These supplies for physical wants they are preparing to followup, as in the case of Port Royal, with more enduring
benefactions. In addition to the corps of able teachers and assistants, nine in number, which they are now maintaining
in South Carolina, they are selecting and commissioning for new places of labor others equally well qualified. In order to
concentrate their efforts and guard against the evils of too wide a field, the Association have concluded to confine their
operations in the south-west to Middle Tennessee and parts adjacent, especially the northern parts of Alabama and
Georgia. They have appointed a General Superintendent, whose business it will be — making Nashville or some point
near that city his centre — to organize schools, and locate in charge of them, such teachers as may be sent out for that
purpose.

By these and such like means this Association, acting as heretofore in conjunction with other bodies of similar
character, propose to do for all the Southern States what has already been done with so much success for a portion of
South Carolina. If the negroes of the Sea Islands, the lowest in the land in point of intellectual and physical condition,
can, in a brief space of time, be raised into a self-sustaining, law-abiding and comparatively well instructed people, the
same thing at least can be done for the remaining blacks of the South, most of whom are of a much more promising
character.

The Penna. Freedmen's Belief Association have raised since their organization in March 1862, $10,000 worth of cloth-
ing and other needful articles — all of which have been distributed — and $48,459.69 in money. These supplies of
clothes, and this amount of money have been collected without any expense of commission or salary. And of the entire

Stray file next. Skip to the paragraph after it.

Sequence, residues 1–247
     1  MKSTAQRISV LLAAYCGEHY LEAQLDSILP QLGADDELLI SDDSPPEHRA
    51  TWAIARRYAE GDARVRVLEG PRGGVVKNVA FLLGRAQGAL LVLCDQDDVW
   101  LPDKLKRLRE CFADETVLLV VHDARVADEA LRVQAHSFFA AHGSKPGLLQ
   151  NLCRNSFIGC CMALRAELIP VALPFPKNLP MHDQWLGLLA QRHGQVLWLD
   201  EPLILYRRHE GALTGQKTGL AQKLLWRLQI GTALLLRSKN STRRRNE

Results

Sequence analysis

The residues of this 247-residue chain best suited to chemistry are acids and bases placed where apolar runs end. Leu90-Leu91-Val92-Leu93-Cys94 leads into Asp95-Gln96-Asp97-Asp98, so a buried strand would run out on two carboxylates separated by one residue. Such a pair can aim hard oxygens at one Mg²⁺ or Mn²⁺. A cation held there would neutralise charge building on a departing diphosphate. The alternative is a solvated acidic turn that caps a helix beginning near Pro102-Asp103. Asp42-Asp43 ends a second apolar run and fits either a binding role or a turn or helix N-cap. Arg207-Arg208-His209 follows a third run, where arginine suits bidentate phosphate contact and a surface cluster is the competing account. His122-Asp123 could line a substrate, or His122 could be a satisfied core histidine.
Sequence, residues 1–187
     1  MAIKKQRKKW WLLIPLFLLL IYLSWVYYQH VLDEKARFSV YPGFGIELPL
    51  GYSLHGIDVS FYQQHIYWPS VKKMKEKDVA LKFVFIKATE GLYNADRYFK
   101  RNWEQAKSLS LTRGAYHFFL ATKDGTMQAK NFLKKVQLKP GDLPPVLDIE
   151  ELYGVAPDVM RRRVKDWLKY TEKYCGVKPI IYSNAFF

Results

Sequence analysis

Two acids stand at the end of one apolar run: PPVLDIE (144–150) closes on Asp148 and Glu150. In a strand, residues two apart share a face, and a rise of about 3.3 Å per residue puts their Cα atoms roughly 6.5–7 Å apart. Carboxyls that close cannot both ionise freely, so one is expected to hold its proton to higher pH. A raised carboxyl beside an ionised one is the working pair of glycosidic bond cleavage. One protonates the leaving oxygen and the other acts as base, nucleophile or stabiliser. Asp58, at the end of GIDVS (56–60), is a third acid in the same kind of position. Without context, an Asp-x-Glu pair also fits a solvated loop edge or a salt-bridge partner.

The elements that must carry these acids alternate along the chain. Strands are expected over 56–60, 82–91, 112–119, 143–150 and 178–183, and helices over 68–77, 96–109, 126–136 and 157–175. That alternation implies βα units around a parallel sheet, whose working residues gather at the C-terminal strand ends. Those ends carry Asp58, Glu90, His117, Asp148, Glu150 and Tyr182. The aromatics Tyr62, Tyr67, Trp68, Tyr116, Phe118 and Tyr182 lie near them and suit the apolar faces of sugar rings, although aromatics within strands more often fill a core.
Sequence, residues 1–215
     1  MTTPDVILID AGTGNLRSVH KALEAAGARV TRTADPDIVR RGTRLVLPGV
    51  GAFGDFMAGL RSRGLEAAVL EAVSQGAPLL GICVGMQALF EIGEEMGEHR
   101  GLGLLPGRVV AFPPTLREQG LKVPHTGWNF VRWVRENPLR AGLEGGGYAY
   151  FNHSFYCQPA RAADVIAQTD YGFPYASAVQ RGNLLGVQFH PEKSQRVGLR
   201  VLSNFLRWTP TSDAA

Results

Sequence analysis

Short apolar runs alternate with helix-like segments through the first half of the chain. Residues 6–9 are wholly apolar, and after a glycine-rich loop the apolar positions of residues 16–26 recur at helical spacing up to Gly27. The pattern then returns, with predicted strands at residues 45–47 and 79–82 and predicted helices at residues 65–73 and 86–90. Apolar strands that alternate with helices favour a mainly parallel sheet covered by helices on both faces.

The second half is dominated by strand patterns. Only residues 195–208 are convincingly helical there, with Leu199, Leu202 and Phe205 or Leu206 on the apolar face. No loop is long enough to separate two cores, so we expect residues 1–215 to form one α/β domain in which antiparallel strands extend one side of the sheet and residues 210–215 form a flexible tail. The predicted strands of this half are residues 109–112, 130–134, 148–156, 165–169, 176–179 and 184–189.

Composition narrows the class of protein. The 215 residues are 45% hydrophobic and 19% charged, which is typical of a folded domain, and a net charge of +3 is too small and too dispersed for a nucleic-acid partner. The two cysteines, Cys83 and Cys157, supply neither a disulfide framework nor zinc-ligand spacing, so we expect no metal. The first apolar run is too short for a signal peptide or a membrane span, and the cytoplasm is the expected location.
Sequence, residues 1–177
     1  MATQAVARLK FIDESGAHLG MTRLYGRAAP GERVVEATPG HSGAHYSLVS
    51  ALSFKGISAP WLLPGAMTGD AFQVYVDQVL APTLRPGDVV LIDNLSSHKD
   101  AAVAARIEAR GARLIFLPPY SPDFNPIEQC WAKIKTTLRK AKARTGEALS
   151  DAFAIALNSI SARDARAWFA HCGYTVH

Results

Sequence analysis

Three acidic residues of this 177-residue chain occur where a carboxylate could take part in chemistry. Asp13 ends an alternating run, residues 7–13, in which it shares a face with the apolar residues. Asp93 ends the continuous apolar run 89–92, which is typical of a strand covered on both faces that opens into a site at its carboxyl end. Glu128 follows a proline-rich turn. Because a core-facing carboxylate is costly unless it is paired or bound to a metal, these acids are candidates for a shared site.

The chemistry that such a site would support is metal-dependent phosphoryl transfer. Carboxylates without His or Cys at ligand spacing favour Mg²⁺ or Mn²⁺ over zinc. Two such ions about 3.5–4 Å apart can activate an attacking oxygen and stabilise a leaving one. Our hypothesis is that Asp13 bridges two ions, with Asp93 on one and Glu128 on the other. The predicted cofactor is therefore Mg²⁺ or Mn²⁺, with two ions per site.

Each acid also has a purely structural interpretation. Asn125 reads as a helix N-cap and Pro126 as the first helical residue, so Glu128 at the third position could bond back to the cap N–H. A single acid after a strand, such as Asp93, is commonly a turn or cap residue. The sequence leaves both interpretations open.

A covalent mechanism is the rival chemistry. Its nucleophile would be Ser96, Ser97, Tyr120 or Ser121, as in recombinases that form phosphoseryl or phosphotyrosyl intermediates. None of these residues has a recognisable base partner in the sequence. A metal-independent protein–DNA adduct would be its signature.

sum raised, with the exception of the balance now in the treasury, and a small amount expended in means necessary to
the Association's existence, every dollar has gone direct to the object for which it was contributed.

This account of its history and operations the Association respectfully submits to the public, with an earnest request to
all loyal and humane people for their co-operation and support. Contributions to its funds should be sent to E. W. Clark,
Treasurer, 35 south 3d street ; or, if more convenient, they may be left at the rooms of the Association, to be forwarded
to that gentleman, by whom they will be gratefully received and duly acknowledged.

Stephen Colwell,
President.

Ellis Yarkall,  B. P. Hunt,
Recording Sec'y. \ Vice President.
J. M. McKiM,


"THE PHILADELPHIA STORE."
This instrumentality, having accomplished its object, has been discontinued. It was an avant courier of similar
establishments started in Port Royal and elsewhere. It was a great help to the people, enabling them to husband their
earnings and become purchasers of land; for it ought to be known that the blacks of Port Royal arc becoming
proprietors of the soil, and planters on their own account.

The Philadelphia store, and the other stores in the South which have followed it, have made revelations which have
surprised soma of our business men, and furnished a new argument for emancipation,—an argument which addresses
itself to tho pecuniary sense of the people. The amount of business which these stores have done,—their dealings
being almost wholly with the freed blacks, and that in circumscribed neighborhoods,—is reckoned by hundreds of
thousands of dollars! The question of emancipation is then reduced to a simple one in the " Rule of Three:" If a mere
fraction of freedmen be such valuable customers for our Northern products and Northern merchandise, what will
4,000,000 be? Answer: "Godliness hath the promise of the life that now is as well as that which is to come."

For a more minute account of the progress made in South Carolina, see Mr. Tomlinson's testimony in another column.

While the Committee were thus engaged on the Sea Islands, the advance of our army was opening new fields for similar
effort in other parts of the country. In the Southwest especially, where the number of freed blacks had reached a figure
somewhere between one and two hundred thousand, the demand for aid became especially pressing. To meet this
demand, the Port Royal Relief Committee determined to enlarge their field of action. Changing their name to that of the
Pennsylvania Freedmen's Relief Association, they called a public meeting, and set forth to a crowded audience the new
and more enlarged views of the question. At this meeting, held in Concert Hall on the 3d of November, and presided
over by Bishop Potter, strong pictures were presented of the destitution of the freed people, and earnest appeals made
in their behalf. To these appeals the audience responded, by a resolution unanimously adopted, declaring that the